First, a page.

Student retention levels remain consistent in Southern Indiana

·2 min read

Sep. 23—SOUTHERN INDIANA — Although the pandemic caused issues with learning loss, several school officials in Southern Indiana say they have not seen major changes in the number of students being held back a grade since COVID-19 hit.

Lisa Hawkins, assistant superintendent and curriculum director at Silver Creek School Corp., has not noticed a rise in retention in the school district compared to pre-pandemic levels. Since the pandemic, the focus has been filling in gaps in learning through interventions and programs.

"We're really prioritizing meeting students where they are using intervention time at school to help fill those gaps," she said. "We're definitely still providing that strong core instruction to make sure we're continuing to move forward even as we fill in those gaps."

Hawkins said retention occurs more often at the younger level at Silver Creek Primary, since it doesn't take as much of a toll on younger students as it does for students in upper levels.

To consider retention, the district has to go through a series of parameters to see whether it is needed or is appropriate for the child, she said. The district has updated pacing guidelines for students in response to the pandemic.

"We know that having a kid repeat is going to be a substantial life thing for them, and we want to make sure that we are consistently identifying why a child is struggling and determine whether retention is really going to benefit," she said.

Hawkins believes the increased need for mental health services related to COVID-19 has been greater than the academic needs caused by the pandemic.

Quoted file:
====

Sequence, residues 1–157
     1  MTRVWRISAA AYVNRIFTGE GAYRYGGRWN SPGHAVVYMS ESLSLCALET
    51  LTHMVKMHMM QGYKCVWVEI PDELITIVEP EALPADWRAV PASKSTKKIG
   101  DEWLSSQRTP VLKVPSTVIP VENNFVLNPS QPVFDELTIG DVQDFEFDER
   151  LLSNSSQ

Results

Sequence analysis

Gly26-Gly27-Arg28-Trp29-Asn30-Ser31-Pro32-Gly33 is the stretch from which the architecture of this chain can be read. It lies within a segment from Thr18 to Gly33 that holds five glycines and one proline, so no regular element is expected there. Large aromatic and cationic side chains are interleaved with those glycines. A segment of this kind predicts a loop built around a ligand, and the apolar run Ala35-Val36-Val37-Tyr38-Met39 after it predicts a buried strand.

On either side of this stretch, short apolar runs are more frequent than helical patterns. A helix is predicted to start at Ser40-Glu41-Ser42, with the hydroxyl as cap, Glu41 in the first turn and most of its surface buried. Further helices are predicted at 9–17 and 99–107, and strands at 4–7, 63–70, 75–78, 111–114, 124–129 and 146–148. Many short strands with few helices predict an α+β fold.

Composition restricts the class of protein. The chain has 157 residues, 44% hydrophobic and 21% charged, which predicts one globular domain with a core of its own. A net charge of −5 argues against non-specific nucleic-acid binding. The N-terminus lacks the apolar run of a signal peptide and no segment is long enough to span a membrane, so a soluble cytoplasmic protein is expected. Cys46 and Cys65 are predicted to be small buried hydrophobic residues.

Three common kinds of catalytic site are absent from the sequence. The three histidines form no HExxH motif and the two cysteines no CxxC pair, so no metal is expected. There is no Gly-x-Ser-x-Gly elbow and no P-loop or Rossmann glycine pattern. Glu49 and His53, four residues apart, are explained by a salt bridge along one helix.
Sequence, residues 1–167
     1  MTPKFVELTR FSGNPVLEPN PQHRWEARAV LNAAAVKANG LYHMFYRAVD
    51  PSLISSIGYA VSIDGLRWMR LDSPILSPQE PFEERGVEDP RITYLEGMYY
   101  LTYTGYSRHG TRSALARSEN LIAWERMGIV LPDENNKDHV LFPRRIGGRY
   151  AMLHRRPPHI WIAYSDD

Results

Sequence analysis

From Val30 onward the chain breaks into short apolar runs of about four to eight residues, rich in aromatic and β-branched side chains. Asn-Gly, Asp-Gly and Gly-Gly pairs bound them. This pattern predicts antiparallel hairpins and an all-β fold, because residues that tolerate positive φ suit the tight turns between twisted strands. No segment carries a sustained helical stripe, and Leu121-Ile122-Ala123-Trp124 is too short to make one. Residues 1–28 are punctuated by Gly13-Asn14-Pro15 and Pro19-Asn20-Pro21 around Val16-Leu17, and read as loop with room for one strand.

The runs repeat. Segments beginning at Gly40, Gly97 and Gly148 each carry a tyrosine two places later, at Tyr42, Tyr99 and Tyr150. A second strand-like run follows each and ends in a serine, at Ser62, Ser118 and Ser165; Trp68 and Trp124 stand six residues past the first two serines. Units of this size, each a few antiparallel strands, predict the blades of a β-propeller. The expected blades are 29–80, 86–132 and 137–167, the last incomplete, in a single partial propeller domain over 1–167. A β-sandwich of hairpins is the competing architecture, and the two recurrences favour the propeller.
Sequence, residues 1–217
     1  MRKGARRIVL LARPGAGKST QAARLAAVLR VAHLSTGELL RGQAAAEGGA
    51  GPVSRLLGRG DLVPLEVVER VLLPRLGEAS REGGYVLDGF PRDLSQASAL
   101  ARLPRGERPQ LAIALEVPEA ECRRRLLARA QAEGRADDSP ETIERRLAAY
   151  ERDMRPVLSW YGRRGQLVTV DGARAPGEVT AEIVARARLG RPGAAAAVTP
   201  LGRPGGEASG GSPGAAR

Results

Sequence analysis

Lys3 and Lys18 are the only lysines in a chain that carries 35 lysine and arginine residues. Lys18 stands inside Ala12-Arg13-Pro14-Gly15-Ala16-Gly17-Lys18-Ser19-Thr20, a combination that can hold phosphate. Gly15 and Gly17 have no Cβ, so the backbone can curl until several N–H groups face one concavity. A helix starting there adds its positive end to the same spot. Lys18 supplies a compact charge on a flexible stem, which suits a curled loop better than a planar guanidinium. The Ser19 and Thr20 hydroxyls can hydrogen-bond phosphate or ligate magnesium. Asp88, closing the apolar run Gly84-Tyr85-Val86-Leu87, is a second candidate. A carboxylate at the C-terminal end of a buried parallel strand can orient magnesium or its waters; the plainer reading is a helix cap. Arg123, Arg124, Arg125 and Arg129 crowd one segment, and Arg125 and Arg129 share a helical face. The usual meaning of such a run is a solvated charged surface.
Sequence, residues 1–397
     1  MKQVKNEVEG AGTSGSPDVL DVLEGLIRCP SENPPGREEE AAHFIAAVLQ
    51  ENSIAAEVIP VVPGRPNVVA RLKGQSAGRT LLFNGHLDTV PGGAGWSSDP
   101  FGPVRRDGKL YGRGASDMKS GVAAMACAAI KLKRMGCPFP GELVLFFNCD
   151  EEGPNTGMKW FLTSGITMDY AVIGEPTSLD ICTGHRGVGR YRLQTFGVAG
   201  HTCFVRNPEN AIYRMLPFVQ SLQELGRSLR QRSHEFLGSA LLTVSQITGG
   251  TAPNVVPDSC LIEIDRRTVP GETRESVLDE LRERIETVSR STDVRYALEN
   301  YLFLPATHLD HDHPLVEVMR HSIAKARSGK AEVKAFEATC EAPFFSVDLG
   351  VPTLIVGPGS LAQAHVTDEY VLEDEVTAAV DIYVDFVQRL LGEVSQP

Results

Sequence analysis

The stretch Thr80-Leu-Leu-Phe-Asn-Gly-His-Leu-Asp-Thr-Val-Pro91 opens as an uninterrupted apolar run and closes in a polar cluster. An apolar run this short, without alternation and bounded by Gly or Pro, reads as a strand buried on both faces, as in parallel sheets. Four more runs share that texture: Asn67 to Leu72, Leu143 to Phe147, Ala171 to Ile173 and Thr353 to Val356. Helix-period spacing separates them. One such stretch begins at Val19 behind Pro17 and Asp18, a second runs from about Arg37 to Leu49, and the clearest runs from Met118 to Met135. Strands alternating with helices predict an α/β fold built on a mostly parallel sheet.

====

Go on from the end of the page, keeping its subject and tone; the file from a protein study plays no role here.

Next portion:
Tony Duffy, New Albany-Floyd County assistant superintendent for elementary education, also emphasized the school district's focus on helping students overcome learning loss through summer school, after-school tutoring, intersession programming and other interventions, including programs supported by federal COVID-19 relief funding.

Like Silver Creek, NAFCS has not faced a significant increase in the number of students who have repeated a grade, he said. Sometimes parents are in favor of retention, and the district meets with them to talk about their concerns.

"We work with parents in those situations and at all times," Duffy said.

Rather than student retention, NAFCS has seen a more significant increase in parents who have delayed sending children to kindergarten, he said. This trend was particularly prevalent last year.

Some students missed out on PreK, causing them to be less prepared for kindergarten. He notes that the district has increased preschool offerings at NAFCS elementary schools in recent years.

"Kids who typically would have gone to preschool didn't get to go to preschool, because it was closed or they didn't come in due to COVID-19 issues," Duffy said.